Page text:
Bitcoin's exponential surge is different this time around, most digital currency investors and software developers say.
To many, the enthusiasm resembles the rush into technology stocks before the dot-com bubble burst in 2000. Bitcoin itself plunged in 2013, before recovering and skyrocketing to records above $2,700 this year.
But just as the internet has since changed the world, digital currency experts believe their technology will transform society, meaning bitcoin may just be getting started, and this time is not the same.
Here are three reasons why:
1. Higher prices add value to the digital currency system.
Bitcoin is based on a secure financial record-keeping system called blockchain—everyone from small investors to Minneapolis Fed President Neel Kashkari sees more potential in blockchain than bitcoin itself.
The digital currency will still be important. Since the creation of bitcoin, hundreds of other similar products have emerged based on the same blockchain technology, creating global networks that their founders believe can change how businesses operate. To participate in those systems, users typically need to buy bitcoins first before converting those into another digital currency. Selling out of those currencies also then results in more bitcoin purchases.
"Bitcoin is becoming the currency of choice of going in and out of the ecosystem," William Mougayar, author of "The Business Blockchain," said.
He wasn't too concerned about the rapid rise in bitcoin's price. "If anything, it makes it stronger. The higher the market cap, the stronger the ecosystem itself," he said Thursday on the sidelines of a New York conference he organized, Token Summit.
Partly as a result of greater interest in cryptocurrencies, bitcoin in less than half a year has more than doubled in price and added more than $25 billion in market value, according to CoinMarketCap.
Bitcoin market value and price (2013 - 2017)
"Lots of software developers and business developers are using that newfound wealth to build on our new ecosystem," Joe Lubin, founder of blockchain software developer ConsenSys, told CNBC in a phone interview.
"It's impossible when you have a new technology to avoid irrational exuberance," he said. As for blockchain, "this particular technology I expect will be more pervasive in the change it will bring than the internet."
2. More people, including financial institutions, want to buy bitcoin.
Many people who attended this week's two digital currency conferences in New York noted "more suits" representing businesses and funds than expected for an event on technological development.
JPMorgan and Fidelity both made announcements this week about their involvement in cryptocurrencies, while 86 firms including securities clearinghouse DTCC joined the Ethereum Enterprise Alliance. Ethereum is a younger digital currency than bitcoin that many expect can create a network to transform the internet, as the price of ethereum has exploded more than 2,000 times higher this year, far outpacing bitcoin.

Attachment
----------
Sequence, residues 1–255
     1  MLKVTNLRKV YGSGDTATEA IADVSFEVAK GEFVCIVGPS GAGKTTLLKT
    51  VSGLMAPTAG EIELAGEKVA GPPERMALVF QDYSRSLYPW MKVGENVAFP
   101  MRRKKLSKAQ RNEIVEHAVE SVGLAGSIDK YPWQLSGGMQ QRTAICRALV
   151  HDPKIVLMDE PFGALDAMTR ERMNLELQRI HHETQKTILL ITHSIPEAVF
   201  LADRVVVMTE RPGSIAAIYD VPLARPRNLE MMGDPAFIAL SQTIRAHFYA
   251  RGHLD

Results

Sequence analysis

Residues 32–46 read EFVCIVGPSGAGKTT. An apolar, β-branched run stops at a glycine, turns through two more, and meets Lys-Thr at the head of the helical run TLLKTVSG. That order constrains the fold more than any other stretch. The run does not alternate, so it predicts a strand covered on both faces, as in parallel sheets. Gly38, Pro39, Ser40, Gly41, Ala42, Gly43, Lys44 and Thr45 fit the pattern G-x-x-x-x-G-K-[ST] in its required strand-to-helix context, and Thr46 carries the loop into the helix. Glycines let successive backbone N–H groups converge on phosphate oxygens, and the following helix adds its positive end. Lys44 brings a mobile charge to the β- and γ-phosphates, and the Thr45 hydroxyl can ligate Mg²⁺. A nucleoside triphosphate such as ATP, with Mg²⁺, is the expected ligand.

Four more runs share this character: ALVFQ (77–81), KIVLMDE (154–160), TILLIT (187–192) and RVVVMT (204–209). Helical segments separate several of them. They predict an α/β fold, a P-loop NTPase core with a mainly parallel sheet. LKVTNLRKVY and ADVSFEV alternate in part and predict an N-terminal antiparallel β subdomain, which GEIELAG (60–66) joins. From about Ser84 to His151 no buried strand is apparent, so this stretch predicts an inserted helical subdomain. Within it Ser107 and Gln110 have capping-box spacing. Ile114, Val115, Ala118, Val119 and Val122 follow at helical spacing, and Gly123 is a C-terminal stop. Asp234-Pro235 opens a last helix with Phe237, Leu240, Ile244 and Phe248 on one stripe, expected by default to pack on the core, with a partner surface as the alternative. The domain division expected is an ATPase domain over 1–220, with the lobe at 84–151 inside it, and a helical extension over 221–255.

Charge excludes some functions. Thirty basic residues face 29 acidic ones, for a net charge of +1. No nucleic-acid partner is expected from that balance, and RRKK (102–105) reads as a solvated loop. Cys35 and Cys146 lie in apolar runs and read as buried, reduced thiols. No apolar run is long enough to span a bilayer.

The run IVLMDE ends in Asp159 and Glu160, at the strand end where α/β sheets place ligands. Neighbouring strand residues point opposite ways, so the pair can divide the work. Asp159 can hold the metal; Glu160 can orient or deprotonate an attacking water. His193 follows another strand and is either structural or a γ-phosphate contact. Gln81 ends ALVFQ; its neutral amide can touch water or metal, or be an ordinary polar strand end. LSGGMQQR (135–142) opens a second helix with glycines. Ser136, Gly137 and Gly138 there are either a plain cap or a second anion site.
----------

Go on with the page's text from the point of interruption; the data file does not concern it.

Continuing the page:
"I feel like right now the price is going up so much more, and more people are getting exposed to it," CoinDesk research analyst Alex Sunnarborg said at a Token Summit panel. "More traditional places are starting to see it. I think more money will probably come into this space."
"We also saw a record number of transactions — about 300,000 every day on the bitcoin network," he said, citing his firm's first-quarter survey.
The report also pointed to increased attention from Google users. Search trend data showed inquiries on "bitcoin" and "ethereum" leaped this month to their most in at least five years.
By region, Nigeria, Ghana and Estonia showed the most interest, while Switzerland, Singapore and the Netherlands topped the list for ethereum searches, according to Google Trends.
Google search trends for "bitcoin" and "ethereum" (2012 -2017)
Source: Google Trends
3. The real world finds more ways to use bitcoin.
This year, Japan's government recognized the digital currency as a legal form of payment, spurring a flurry of activity in new exchanges. Major retailers also began accepting bitcoin for purchases.
In the U.S., high-profile companies like Overstock.com began accepting bitcoin in 2014 amid another price slump. But now, developers see greater potential than just payments for bitcoin's blockchain technology. Companies are using blockchain to connect cloud services, monetize all kinds of human interactions and give refugees access to a secure identity.
The new projects have increased interest in bitcoin around the world, rather than simply being a speculative asset dominated by Chinese traders.
"I don't think it's over-exuberance. I think it's the market starting to properly discount some of the utility that these assets have," said Benjamin Roberts, co-founder and CEO of Citizen Hex, an ethereum-focused start-up backed by three Canadian venture funds.
"Of course there was a big [bitcoin] bubble in 2013. At that time, there was a lot of exuberance around what was possible," Roberts said. "But a lot of the utility, those possibilities, hadn't been realized yet. Today, across cryptocurrencies as a whole, you're starting to see some of those preliminary use cases emerge."
To be sure, new technology almost always takes longer than expected to gain traction, and if bitcoin sees some rockiness after the latest surge it could take some time to recover. The Nasdaq composite crashed more than 80 percent in the tech bubble and did not top the 2000 peak until more than 15 years later.
"Right now, we are in the honeymoon phase where everyone's just excited," Blockstack co-founder Muneeb Ali said during a Token Summit panel. As projects fail and people lose money, he said, "out of the ashes of that the next Google and Amazon [will] emerge."
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